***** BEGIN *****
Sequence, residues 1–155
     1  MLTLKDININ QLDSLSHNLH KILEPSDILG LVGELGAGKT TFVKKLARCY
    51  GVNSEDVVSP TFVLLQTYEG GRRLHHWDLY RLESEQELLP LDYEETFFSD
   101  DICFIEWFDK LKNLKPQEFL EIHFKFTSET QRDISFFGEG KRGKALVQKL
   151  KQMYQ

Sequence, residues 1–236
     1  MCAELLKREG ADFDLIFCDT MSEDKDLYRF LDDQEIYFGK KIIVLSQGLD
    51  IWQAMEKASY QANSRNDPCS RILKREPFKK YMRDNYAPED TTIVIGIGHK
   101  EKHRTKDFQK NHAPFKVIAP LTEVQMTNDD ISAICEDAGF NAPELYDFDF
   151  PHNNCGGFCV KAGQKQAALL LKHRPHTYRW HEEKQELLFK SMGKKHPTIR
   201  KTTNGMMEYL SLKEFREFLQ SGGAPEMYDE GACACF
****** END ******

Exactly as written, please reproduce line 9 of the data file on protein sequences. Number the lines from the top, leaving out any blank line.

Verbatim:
   101  EKHRTKDFQK NHAPFKVIAP LTEVQMTNDD ISAICEDAGF NAPELYDFDF